- Post Production
- Immersive Cinema
- Premium Large Format
After more than five months of empty auditoriums and soundless popcorn machines, many movie theaters around the world have reopened their doors again in anticipation of Christopher Nolan’s “Tenet”.
Despite a less-than-optimal global climate and several deferrals of the movie’s original release plan, the highly anticipated sci-fi thriller starring John David Washington and Robert Pattison grossed a robust $53 million international debut in all 41 territories it opened this weekend. “Tenet” seems to have generated a promising élan for the new, capacity-restricted moviegoing experience, giving exhibitors worldwide reasons to be optimistic.
In the midst of the COVID-19 pandemic, the battle for cinema viewers’ attention has never been more fierce, likely making bespoke cinema experiences the new norm. “Tenet”’s results attest to that: audiences forked over to see the blockbuster in the best quality possible, with the premium IMAX format grossing $5million from IMAX alone, or 9.4% of the films total takings, despite representing just one per cent of screens.
Unsurprisingly, the 22nd episode of the CJCinemaSummit (Thursday, 27 August, 2020) focused on the cinema industry’s biggest release in months, with a special attention paid to the IMAX and 70mm premium large film format. Hosts Patrick von Sychowski and J. Sperling Reich were joined by Craig Dehmel (EVP/Head of Global Distribution, IMAX Entertainment) and David Keighley (Chief Quality Guru and President Emeritus IMAX Post/DKP Inc.).
Apart from “Tenet”, which served as a major talking point throughout the episode, another movie that has managed to put many overseas cinemas back in full swing is China’s riveting war epic “The Eight Hundred”. The Guan Hu-directed film, which was entirely shot with IMAX digital cameras, was the highest grossing film in the world over the weekend, soaring to more than a $277 million cumulative.
Craig Dehmel kicked off the panel discussion expressing his excitement for the return of the big screen after a strenuous few months with no more than 30 IMAX screens open around the world. Fortunately, in mid-July, South Korean action thriller “Peninsula” marked the beginning of the return to the (new) normal for the IMAX Corporation, having wrangled over $32 million worldwide.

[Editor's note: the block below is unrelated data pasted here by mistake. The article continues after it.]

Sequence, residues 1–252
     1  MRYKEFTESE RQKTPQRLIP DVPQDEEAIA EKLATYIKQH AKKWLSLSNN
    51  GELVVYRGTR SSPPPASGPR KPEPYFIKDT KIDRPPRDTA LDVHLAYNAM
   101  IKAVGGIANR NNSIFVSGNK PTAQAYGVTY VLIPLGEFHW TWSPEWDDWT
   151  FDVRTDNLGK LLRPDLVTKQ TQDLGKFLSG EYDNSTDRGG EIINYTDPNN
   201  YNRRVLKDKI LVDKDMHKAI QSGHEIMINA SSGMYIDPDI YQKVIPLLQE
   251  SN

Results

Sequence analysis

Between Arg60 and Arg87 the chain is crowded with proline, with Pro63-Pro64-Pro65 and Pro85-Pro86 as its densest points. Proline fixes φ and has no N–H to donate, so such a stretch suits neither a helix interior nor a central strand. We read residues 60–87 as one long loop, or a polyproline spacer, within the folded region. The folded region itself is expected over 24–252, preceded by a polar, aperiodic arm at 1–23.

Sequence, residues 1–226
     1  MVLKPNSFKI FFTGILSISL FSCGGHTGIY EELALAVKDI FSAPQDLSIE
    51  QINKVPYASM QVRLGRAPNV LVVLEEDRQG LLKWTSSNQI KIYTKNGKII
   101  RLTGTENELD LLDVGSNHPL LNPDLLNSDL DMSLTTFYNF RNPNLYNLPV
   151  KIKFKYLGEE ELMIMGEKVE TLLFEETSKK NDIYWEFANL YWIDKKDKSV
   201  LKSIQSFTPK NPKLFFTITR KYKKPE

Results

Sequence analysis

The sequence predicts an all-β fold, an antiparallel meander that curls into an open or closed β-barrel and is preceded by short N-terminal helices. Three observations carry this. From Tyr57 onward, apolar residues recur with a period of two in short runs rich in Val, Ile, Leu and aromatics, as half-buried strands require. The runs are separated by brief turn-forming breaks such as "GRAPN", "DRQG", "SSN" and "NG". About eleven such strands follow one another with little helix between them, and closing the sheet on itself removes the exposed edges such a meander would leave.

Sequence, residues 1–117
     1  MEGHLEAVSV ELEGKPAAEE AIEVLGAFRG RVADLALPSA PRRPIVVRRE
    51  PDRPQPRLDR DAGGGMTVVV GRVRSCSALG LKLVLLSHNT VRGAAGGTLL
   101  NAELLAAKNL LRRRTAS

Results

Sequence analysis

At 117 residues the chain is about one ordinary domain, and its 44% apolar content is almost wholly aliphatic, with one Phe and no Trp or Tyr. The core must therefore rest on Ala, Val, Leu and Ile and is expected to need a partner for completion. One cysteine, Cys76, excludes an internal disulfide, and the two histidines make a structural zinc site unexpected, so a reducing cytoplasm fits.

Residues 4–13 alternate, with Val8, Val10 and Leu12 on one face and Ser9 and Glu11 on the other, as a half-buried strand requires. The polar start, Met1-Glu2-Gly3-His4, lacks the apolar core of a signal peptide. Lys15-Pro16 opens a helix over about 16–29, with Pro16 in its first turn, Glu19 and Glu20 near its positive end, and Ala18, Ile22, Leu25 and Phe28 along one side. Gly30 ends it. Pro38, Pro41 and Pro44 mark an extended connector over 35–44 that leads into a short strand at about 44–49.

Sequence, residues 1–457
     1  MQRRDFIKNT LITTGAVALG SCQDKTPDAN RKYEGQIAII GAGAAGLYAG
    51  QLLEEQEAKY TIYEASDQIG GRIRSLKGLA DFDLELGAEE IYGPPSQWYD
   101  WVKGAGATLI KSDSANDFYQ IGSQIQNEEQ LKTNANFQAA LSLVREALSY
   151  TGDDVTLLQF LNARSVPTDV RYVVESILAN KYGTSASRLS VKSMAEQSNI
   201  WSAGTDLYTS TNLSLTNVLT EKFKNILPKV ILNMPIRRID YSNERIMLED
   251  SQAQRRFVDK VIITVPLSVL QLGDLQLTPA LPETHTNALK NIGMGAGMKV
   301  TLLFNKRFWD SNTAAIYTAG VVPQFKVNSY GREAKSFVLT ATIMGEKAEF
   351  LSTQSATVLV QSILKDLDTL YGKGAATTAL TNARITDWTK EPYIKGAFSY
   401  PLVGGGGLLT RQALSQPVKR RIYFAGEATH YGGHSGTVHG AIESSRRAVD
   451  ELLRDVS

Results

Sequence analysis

IMAX’s recent figures confirm audiences’ eagerness to continue watching films on the biggest of big screens. “By the middle of August, we were up to $3 million,” revealed Dehmel. “With the release of “The Eight Hundred” last weekend, we had our biggest weekend yet where we did about $7.7 million overall.”
The conversation moved on to focus on “Tenet”, with Dehmel asserting that Christopher Nolan himself was IMAX’s best marketing asset on the movie. “He’s very complimentary of the IMAX experience, and he very much wants people to see the movie the way he intended,” he noted.
Dehmel went on to mention that despite a strong audience appetite for the premium moviegoing experience, which was demonstrated by “Tenet”’s soaring pre-sales figures across markets, current capacity limitations may be hindering the company’s ability to reach the same kind of high index that it has had on past Nolan films. “In some markets, you have 50% capacity, while in others, such as Canada, you have a 50-person-maximum,” said Dehmel. “We’re reaching capacity so quickly that it’s difficult for us to hit the same kind of high index that we’ve had on past Nolan films,” he added.
On the other hand, Deheml explained that reduced availability over the weekend will likely create more a consistent, steady box office throughout the rest of the week. “What I think will happen is that, because there’s less availability on the weekends, you’ll start to see shows fill up on Monday, Tuesday and Wednesday nights,” explained Deheml.
Last week’s CJCinemaSummit panel also discussed the difficulties experienced with completing the post production and release of “Tenet” in the midst of a global pandemic. David Keighley, who worked directly with Christopher Nolan on the movie, revealed that the process “was daunting.”
“Nobody got sick. We were very careful, everybody’s temperature was taken every morning. With the help of the laboratory at FotoKem, which is really the only full service laboratory left in the world, we got it done,” concluded Keighley.
Before concluding, the panel highlighted how “Tenet” was possibly the film that will be bringing cinema back to the masses. “It’s a historic moment”, declared von Sychowski, to which Dehmel responded that “2021 is shaping up to be an absolutely mammoth year for moviegoing”, thus shining an even more positive light on the state of the movie industry.
The CJ Cinema Summit episode can be found here.